Former General Mills executive Dave Cummings doesn’t act like a man in retirement.
While Fort Collins sleeps at 5 a.m., Cummings is usually on Zoom calls with African food processing entrepreneurs.
He’s still putting his 1977 CSU engineering degree to good use, and cheerily blames Jud Harper, Chemical and Biological Engineering emeritus professor, for getting him into the food processing business.
Cummings spent his 30-year career at General Mills across the manufacturing, engineering and R&D departments before he helped start up the company’s extension into a hunger-fighting non-profit called Partners in Food Solutions. The organization helps companies in the developing world with creating sustainable food manufacturing.
Who better to teach people how about how to produce nutritious, safe, affordable food than General Mills, the maker of Gold Medal flour, Cheerios and Nature Valley granola bars? “More than 100 brands. In more than 100 countries. On six continents,” the General Mills website says.
And who better to lead Partners in Food Solutions than a student of Harper, who pioneered low-cost food extrusion technology built in the 1970s that is still being used in parts of Africa? “Jud literally wrote the book. He was an industry leader in extrusion processing,” said Cummings.
Food extrusion technology developed by Harper, cooks and dries the food to make it edible and more nutritional. One product typically known as a Corn Soy Blend is a supplemental food that is fortified with vitamins and minerals and helps vulnerable people such as children and pregnant and lactating mothers. Companies like General Mills use extrusion technology on a much larger scale to make food including snacks and breakfast cereals.
“Soy is not an easy thing to cook by itself,” Harper said. “This processing can be accomplished with the extruder; it precooks the material making it fully digestible, more nutritious, and better tasting.”
At the time, Harper said the federal government wanted to improve the nutrition and food supply for people around the world, particularly in Africa. Corn and soy, which are widely available, together produce a protein base that’s as good as the protein in milk, Harper said.
Cummings got his first job out of college working for Harper, installing low-cost extrusion systems to produce the Corn Soy Blend, known as CSB, in Tanzania and in Costa Rica. The devices are still used in Tanzania, Kenya, Zambia, Malawi and other nations, 40 years after Harper started the program there in the 1970s.
“I had Dave as a student in agricultural engineering – he was very bright and articulate and a hard worker,” Harper said. “I was happy to have him join the team and get him started in the right direction.”
“It’s actually very hard to imagine the number of lives improved by the adoption of this technology to produce nutritious foods around the world,” Cummings said. “It was introduced in South America, Central America, SE Asia as well as Africa by our team in the 70’s. In Malawi alone, the World Food Programme was feeding CSB to 10,000 kids a day in school feeding projects just a few years ago.”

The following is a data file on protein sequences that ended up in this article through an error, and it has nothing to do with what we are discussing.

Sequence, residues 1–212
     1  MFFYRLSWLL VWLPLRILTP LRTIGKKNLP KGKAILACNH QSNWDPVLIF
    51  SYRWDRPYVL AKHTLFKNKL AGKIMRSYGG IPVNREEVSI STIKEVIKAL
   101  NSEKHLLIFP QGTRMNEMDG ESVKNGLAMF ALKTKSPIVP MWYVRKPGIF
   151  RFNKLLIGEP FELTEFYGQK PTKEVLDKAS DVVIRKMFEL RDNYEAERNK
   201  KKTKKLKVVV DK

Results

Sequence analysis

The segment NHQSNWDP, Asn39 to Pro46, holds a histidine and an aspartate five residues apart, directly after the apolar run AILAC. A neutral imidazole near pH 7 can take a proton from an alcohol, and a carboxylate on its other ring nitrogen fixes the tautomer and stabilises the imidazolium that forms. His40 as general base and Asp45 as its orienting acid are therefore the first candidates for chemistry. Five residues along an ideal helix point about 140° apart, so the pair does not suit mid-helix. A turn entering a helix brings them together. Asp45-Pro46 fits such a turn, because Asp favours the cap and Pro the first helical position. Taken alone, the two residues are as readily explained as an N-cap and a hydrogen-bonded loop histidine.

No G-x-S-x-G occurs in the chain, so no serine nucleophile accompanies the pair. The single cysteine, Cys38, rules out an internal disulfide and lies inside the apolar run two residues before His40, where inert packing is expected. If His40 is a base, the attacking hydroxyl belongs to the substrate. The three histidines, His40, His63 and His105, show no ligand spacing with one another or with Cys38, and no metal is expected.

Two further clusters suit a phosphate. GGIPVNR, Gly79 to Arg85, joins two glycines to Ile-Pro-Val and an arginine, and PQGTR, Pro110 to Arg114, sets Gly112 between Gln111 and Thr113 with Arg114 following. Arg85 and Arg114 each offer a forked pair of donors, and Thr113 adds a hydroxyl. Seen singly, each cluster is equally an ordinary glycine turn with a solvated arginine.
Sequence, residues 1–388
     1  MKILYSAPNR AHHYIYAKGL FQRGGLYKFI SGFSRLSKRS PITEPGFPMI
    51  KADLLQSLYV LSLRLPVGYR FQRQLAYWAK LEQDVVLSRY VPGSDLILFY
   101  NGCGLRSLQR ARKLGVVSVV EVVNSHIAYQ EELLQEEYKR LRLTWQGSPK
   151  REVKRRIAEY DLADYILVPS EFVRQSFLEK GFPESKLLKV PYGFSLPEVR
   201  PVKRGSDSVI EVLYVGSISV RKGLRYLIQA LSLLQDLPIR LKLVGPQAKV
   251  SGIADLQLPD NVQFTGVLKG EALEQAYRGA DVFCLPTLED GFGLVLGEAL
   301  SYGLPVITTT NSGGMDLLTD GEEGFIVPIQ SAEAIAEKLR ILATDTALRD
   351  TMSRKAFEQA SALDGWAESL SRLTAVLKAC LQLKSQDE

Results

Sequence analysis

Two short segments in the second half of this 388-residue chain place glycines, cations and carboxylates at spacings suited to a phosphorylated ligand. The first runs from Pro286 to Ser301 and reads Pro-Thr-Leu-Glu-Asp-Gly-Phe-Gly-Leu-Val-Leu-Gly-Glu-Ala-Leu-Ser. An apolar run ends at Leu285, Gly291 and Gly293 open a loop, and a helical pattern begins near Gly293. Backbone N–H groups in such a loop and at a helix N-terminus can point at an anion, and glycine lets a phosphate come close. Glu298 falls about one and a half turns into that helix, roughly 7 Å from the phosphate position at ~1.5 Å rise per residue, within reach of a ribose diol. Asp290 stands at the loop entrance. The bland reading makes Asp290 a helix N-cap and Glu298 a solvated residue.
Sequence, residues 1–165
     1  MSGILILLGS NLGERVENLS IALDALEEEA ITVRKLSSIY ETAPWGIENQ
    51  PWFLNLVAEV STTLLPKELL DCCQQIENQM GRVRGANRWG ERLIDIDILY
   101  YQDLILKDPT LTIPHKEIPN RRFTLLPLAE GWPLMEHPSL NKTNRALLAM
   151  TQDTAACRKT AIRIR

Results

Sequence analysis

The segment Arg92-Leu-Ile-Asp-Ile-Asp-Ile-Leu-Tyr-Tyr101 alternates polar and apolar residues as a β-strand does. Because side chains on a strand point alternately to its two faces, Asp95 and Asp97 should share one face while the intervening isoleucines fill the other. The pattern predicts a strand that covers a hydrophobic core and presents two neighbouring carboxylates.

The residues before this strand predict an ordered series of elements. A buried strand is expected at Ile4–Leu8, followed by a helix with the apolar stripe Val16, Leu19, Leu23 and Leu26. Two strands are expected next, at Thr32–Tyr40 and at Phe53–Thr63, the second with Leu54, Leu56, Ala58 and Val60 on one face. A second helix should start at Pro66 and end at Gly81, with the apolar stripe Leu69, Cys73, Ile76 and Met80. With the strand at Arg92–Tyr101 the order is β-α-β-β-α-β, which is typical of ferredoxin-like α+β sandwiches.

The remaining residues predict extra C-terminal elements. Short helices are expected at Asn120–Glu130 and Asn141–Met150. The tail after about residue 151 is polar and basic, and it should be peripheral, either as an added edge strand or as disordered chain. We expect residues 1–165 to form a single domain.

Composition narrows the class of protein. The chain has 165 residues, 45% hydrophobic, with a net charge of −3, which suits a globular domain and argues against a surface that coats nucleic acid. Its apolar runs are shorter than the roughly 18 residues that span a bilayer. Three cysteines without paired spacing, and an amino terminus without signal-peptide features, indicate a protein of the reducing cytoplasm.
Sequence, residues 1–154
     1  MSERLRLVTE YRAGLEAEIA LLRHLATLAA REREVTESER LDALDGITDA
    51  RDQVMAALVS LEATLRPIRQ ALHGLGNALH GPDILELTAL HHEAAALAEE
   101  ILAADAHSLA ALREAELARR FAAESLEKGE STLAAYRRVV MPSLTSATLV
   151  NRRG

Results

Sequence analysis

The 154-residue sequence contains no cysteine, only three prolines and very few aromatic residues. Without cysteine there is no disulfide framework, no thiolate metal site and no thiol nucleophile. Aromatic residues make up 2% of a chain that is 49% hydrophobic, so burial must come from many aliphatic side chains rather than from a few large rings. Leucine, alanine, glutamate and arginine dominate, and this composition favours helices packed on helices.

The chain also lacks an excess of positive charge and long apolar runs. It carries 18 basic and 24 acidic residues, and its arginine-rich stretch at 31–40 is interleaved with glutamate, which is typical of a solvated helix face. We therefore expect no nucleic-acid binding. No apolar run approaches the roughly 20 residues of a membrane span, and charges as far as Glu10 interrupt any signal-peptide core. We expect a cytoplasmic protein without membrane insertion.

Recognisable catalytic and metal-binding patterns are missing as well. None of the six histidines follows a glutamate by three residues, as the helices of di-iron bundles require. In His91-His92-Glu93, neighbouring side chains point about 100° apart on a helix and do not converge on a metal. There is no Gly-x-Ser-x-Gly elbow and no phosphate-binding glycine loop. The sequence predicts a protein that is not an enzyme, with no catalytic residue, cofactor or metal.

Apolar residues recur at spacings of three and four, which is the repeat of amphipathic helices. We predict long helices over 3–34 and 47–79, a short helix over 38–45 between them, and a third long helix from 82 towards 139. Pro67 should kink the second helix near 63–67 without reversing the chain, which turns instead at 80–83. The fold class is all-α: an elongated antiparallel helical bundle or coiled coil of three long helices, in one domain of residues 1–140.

Cummings said he was introduced to the food processing business after a conversation with Harper early on at CSU. “He hired me as an undergraduate. In my free time, I’d go to the Foothills Campus and I did anything and everything,” Cummings said. His career eventually led to a position with General Mills where he worked for more than 33 years in various divisions including engineering, manufacturing and R&D. In one role he was responsible for the company’s new process system engineering.
In 2008, the General Mills CEO at the time, Ken Powell, attended the World Economic Forum in Davos, Switzerland, that changed the company and Cummings’ world.
“Ken Powell met Kofi Annan (U.N Secretary-General) who asked him, ‘What are you doing about hunger?’ When he came back to his leadership team, Powell said, ‘I need a better answer.’ That evolved over a few months. We decided we could teach food manufacturing to business leaders in developing countries and that would be more important than us shipping food or sending donations,” Cummings said.
Partners in Food Solutions (PFS) was born, and Cummings was the operational lead as a volunteer while still working full time at General Mills.
“After General Mills, Cargill was the next company we onboarded, then Buhler, Royal DSM, Hershey, Smuckers and Ardent Mills in Denver, which is the largest milling company in North America,” he said. “We expanded our model for helping food processors in developing countries get bigger, better, faster.”
Clients of Partners in Food Solutions are all entrepreneurs running small and medium food companies in sub-Sahara Africa who must meet certain criteria and have high potential. Employees from PFS corporate partners volunteer to help with a wide range of expertise including marketing, financial analysis, manufacturing, product development, quality control and engineering.
After retirement in 2015, Cummings moved back to Fort Collins where he still works several days a week as a senior advisor for Partners in Food Solutions, coaching entrepreneurs who have never seen snow. On a recent call, he was helping to develop a webinar on improving margins and cash flow, by incorporating holistic margin management into operating strategy.
If it hadn’t been for Harper, Cummings said, he wouldn’t have worked for General Mills and he wouldn’t be making an impact on the lives of people in Africa. “I wouldn’t be so excited about what I get up and do,” he said. “No industry has more impact on more people in developing countries than the food industry.”